Addition and removal of ports is only allowed if it does not violate the types. This should be considered when modifying ports on nodes that have ports whose type depends on other ports. For example, the output port of Tuple depends on the number of input ports.

Configuration Port

Each node can optionally have a configuration port of json type which can be used to customize the configuration using data.

When added to a node it can be used to substitute parameter values in the configuration. Currently, the only nodes available for creating JSON are Manually Create JSON and Text to JSON.

For example, if we wanted to customize the number of columns generated by Random Table using the configuration port and Manually Create JSON simply right-click on Random Table and choose Create Input Port -> Configuration Port. Then connect Manually Create Table and configure it in the following way:

{'column_length': {'value': 1}}

When executed the Random Table node will now produce only one row. ‘column_length’ is the name of a parameters, if the parameters are nested in groups, the JSON configuration also needs to be nested. Luckily, few nodes use nested parameters. If Random Table had nested its ‘column_length’ parameter in a group called ‘all_parameters’ you would type:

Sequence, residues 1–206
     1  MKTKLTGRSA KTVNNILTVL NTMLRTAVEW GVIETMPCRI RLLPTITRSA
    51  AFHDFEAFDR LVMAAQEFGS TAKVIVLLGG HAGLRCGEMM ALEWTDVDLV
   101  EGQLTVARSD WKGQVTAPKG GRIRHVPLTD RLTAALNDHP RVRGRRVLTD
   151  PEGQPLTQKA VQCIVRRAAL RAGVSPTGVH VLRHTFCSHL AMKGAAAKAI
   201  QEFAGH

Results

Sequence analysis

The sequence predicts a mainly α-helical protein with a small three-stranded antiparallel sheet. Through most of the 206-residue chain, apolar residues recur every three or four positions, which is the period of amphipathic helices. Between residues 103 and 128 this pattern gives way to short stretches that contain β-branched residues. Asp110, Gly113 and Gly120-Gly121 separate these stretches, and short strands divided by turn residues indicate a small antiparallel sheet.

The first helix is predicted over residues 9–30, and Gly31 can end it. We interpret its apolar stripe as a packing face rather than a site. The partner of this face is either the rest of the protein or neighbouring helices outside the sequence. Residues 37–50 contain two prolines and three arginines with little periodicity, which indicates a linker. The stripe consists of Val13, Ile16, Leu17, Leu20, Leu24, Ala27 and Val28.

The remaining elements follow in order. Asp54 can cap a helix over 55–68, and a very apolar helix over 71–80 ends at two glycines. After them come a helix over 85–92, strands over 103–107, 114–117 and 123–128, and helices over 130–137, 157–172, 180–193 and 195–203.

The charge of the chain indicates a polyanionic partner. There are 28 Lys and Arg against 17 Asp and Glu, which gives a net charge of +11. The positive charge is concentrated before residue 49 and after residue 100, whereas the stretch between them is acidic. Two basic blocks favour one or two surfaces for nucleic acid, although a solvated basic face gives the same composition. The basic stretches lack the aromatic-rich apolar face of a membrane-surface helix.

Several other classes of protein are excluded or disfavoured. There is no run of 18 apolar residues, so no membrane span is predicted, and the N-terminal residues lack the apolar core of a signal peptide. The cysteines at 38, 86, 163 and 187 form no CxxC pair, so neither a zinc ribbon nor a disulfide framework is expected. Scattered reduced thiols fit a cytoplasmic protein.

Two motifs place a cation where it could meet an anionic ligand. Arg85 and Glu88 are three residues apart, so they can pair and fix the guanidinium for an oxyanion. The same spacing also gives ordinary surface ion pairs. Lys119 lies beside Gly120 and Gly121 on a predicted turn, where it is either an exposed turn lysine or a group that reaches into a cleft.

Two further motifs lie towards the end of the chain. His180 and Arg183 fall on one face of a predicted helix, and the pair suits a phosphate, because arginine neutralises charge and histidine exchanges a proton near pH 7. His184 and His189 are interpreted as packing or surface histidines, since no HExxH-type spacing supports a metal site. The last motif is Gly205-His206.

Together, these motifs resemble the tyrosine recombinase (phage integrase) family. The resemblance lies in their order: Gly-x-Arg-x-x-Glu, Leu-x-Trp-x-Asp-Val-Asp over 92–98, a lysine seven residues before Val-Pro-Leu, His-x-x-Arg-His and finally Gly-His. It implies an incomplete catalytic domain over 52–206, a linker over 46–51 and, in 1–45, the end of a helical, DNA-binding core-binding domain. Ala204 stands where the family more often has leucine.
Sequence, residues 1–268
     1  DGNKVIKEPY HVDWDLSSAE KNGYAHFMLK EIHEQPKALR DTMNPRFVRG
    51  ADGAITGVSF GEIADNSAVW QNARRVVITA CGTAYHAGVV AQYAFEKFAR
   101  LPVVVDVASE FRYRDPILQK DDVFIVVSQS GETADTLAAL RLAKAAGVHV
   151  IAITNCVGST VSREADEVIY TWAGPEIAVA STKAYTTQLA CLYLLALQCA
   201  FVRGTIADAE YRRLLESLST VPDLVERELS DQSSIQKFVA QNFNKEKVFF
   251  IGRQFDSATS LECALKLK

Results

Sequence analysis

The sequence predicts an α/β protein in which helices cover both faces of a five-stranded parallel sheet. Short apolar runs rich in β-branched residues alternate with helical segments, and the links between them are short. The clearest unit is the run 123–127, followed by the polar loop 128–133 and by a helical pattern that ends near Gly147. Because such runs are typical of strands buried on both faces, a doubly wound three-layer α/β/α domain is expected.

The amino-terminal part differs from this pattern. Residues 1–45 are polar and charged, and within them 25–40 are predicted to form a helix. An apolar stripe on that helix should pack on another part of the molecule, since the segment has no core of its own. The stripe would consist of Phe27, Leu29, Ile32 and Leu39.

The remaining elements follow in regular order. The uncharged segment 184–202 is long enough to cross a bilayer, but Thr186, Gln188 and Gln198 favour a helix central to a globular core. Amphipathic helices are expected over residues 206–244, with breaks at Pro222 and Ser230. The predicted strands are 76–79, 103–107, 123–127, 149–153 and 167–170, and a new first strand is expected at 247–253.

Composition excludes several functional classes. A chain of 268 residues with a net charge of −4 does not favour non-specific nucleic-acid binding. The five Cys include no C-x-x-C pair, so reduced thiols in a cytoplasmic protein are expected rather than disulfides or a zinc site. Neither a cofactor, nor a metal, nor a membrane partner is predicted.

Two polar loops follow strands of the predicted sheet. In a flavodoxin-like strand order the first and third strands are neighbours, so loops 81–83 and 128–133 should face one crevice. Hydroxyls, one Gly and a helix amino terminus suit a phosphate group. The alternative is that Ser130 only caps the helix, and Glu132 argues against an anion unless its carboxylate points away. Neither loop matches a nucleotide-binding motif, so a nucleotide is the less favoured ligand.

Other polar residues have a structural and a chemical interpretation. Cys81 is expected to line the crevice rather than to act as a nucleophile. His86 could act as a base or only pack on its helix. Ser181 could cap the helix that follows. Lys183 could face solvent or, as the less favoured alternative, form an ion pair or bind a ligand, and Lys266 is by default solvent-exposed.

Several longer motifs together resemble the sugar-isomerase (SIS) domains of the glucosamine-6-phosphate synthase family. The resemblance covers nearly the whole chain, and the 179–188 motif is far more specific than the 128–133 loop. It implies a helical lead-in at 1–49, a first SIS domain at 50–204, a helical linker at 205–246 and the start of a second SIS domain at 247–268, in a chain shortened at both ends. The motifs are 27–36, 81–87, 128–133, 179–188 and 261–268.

{'all_parameters': {'column_length': {'value': 1}}}

to get the same effect as in the flat case.

For normal scalar parameters it is ‘value’ that needs to be changed, but for list parameters it is often best to change ‘value_names’. For example, to configure the selection used by Select Columns in Table:

{'columns': {'value_names': ['0', '1']}}

When executed would select columns named ‘0’ or ‘1’.

Then what is the parameter structure of some node? Create the node and right-click, choose Properties and the select the Parameters Tab. “Parameter Model” displays the relevant information (and more).

Using the json structure, it is possible to set the value of several parameters (even all of them) at once by providing values for several keys.

Data types

There are many different port types in Sympathy, and even more can be defined by third-party libraries. Following is a list of some of the more important types.

Input and output ports.

A sample of nodes to show the different types of input and output ports for the nodes in Sympathy for Data. The upper row of nodes all have single item ports whereas the nodes in the bottom row have list ports. This can be seen by the fact that those ports are enclosed by square brackets. From left to right the type of the output ports are Datasource, Table, ADAF, Text, Figure (upper), Generic (lower), Lambda (upper), and Tuple (lower), respectively.

Datasource

The Datasource format is only used as a pointer to files or to a databases. It is often used at the start of a workflow to pinpoint the data that the workflow will be working with.

See also the nodes Datasource and Datasources.

Table